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Ever since Hurricane Sandy, officials in many New Jersey coastal communities have been reporting more flooding than usual. The National Weather Service confirms the state is experiencing an above average number of winter storms. But locals complain the high water isn't just coming more often and with greater intensity, it's coming regardless of rainfall.
From NPR News, this is ALL THINGS CONSIDERED. I'm Robert Siegel.
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And I'm Audie Cornish.
All this week, we've been talking about the growth in our nation's disability programs. We have explored some of the reasons for that growth: an aging workforce, off-shoring of jobs, the recession and a growing skills gap. As a result, millions of American workers are turning to disability.
There's new information about the man who shot and killed 26 children and adults at Sandy Hook Elementary school. Warrants issued in the aftermath of the shooting were made public on Thursday. Jeff Cohen tells Audie Cornish that they fill in additional details about Adam Lanza's life with his mother Nancy. Investigators found a cache of weapons and ammunition, a National Rifle Association certificate for Adam Lanza, and books on mental health and shooting skills. They also found information about other mass shootings.
This week, we heard two days of arguments at the Supreme Court over same-sex marriage. Yesterday, the court heard Edith Windsor's challenge to DOMA, the Defense of Marriage Act. It defines marriage as a union between one man and one woman. I wondered, aside from the man and woman part, what about the one and one part? Polygamy was practiced by the Mormons. Lawyer Paul Clement in his defense of DOMA said this yesterday, although, first, we hear Justice Scalia sneezing.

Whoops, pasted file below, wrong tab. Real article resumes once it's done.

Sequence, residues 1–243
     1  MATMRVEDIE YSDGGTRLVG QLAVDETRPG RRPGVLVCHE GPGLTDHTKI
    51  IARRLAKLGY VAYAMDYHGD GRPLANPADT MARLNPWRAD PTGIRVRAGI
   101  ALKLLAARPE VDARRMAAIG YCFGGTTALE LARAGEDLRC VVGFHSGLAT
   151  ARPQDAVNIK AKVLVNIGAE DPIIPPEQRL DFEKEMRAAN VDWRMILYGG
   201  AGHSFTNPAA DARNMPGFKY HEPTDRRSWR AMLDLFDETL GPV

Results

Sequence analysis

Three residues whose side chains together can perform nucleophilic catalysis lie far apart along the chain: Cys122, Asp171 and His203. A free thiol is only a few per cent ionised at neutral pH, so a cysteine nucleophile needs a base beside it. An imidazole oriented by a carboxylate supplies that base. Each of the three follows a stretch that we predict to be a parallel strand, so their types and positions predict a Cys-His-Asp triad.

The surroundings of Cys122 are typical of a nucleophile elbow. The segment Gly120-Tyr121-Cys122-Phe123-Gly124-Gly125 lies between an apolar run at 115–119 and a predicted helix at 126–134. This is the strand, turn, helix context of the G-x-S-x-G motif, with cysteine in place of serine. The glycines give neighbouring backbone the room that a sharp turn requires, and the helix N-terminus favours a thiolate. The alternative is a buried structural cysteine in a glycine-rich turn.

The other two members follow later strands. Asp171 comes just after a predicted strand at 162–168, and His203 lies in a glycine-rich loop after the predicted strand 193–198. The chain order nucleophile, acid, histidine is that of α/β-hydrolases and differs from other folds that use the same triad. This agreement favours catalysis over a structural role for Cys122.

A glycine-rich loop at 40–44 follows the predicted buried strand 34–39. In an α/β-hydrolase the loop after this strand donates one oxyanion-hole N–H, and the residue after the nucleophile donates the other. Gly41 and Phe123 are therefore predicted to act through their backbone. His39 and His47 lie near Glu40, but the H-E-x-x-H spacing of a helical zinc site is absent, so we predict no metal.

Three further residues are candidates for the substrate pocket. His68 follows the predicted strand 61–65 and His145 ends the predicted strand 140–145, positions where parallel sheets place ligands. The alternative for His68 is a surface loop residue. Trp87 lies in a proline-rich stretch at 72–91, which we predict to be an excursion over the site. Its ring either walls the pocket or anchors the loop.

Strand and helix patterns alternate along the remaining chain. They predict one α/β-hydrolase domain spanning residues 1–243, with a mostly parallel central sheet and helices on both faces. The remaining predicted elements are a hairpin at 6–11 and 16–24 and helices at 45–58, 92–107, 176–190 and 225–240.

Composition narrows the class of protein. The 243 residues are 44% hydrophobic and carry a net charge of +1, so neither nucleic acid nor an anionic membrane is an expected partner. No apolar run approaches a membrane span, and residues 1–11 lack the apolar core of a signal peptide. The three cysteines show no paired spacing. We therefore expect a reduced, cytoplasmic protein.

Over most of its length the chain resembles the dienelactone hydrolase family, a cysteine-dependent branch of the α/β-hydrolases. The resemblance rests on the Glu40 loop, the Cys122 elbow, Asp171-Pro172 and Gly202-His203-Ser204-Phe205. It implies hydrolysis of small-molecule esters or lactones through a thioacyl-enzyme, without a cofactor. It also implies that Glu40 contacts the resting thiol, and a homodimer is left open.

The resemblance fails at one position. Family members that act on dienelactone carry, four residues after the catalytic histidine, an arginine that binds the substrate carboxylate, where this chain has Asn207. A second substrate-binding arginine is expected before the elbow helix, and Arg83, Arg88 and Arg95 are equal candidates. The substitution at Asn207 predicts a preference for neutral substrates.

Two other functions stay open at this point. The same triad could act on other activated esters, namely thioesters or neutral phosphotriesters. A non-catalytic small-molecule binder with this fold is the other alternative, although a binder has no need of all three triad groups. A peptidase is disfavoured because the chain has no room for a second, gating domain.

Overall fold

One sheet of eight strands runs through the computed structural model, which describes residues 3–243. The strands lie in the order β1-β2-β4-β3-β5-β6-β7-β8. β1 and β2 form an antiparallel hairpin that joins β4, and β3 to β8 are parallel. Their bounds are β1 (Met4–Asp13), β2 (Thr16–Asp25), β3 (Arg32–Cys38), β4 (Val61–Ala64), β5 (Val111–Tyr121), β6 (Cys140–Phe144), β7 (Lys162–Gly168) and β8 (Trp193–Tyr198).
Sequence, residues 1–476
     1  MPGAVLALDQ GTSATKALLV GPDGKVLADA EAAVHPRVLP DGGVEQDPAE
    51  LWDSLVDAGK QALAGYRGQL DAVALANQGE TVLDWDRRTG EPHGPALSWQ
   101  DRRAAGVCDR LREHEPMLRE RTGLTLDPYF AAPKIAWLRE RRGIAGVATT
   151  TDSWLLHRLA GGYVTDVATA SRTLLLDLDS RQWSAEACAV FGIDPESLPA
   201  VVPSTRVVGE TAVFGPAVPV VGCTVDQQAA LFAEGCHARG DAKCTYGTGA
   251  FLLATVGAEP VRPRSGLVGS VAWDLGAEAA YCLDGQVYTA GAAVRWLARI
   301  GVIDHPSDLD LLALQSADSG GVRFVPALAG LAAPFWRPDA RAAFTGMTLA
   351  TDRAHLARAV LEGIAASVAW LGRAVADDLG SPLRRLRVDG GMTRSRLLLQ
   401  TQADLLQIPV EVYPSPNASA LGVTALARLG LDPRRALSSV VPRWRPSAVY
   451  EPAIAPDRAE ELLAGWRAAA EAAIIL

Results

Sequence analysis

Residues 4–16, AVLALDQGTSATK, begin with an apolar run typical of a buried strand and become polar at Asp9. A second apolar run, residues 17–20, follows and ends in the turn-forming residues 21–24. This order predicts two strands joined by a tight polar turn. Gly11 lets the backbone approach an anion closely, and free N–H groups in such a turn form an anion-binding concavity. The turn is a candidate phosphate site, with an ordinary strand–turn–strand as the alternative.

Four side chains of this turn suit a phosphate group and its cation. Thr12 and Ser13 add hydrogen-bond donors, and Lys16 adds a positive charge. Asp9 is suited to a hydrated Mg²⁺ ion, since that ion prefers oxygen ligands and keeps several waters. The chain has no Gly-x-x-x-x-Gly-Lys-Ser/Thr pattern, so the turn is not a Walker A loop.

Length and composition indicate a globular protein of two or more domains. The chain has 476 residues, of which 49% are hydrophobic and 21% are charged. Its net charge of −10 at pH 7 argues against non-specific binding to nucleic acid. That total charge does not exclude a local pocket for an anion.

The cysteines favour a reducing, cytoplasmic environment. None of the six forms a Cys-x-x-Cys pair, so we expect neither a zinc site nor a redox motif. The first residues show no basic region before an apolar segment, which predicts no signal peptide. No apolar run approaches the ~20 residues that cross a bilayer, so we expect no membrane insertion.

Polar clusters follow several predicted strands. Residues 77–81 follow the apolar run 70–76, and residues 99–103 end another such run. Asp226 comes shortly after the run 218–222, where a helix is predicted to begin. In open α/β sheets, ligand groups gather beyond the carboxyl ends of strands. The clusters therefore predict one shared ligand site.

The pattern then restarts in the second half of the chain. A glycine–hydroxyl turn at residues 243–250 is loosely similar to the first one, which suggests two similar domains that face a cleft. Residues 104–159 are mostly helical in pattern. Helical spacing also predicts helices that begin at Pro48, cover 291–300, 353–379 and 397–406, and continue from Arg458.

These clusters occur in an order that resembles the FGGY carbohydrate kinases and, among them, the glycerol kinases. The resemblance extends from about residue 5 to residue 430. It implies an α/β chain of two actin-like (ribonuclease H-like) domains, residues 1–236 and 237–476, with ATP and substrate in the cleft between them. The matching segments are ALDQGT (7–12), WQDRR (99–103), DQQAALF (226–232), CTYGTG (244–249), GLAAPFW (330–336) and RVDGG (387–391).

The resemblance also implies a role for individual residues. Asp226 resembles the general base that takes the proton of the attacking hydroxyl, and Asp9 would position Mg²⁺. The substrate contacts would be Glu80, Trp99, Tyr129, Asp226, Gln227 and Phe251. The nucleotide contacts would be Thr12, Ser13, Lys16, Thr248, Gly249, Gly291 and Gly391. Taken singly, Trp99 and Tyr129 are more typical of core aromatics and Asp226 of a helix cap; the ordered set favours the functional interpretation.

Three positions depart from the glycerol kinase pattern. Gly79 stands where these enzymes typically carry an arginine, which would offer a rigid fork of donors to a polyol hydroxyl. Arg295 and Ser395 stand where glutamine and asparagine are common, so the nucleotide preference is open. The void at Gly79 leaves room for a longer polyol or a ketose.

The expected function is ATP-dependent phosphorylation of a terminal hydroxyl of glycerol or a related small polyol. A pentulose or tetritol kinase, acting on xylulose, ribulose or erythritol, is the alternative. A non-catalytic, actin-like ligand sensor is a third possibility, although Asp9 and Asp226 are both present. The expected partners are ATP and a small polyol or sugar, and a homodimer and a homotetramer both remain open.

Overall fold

The state of Michigan is taking over its largest city's finances. Washington, D.C., attorney Kevyn Orr's job is to reverse a death spiral in Detroit, brought on by an eroding tax base, and years of unwise financial decisions — like promising generous retiree benefits with money that wasn't there, and a pension financing deal that backfired in a big way. Now, massive debt service that threatens the city's ability to provide even a modicum of services.
From NPR News, this is ALL THINGS CONSIDERED. I'm Audie Cornish.
ROBERT SIEGEL, HOST:
And I'm Robert Siegel.
It has been more than 100 days since the shootings at Sandy Hook Elementary School. Since then, leaders in Washington have talked a lot about gun violence, but they have not passed a bill. Today, gun control advocates tried to give the process a jolt. They planned events around the country for what they called a national day of action. And as NPR's Ari Shapiro reports, President Obama joined in.
Police in Europe are investigating a large-scale cyberattack. Some are even calling it the largest of its kind. As NPR's Martin Kaste reports, the attack's target is an organization called Spamhaus, but the effects have spilled out into the broader Internet.
Guatemala has seen its share of misery from the 36-year-long armed conflict that killed more than 200,000 people, to the current wave of drug crime. Well, Guatemala is now one of the most violent countries in the world, but there are also signs of progress. One public official is seeking justice for crimes of the present and the past with impressive results.
NPR's Carrie Kahn has this profile of Guatemala's first female attorney general.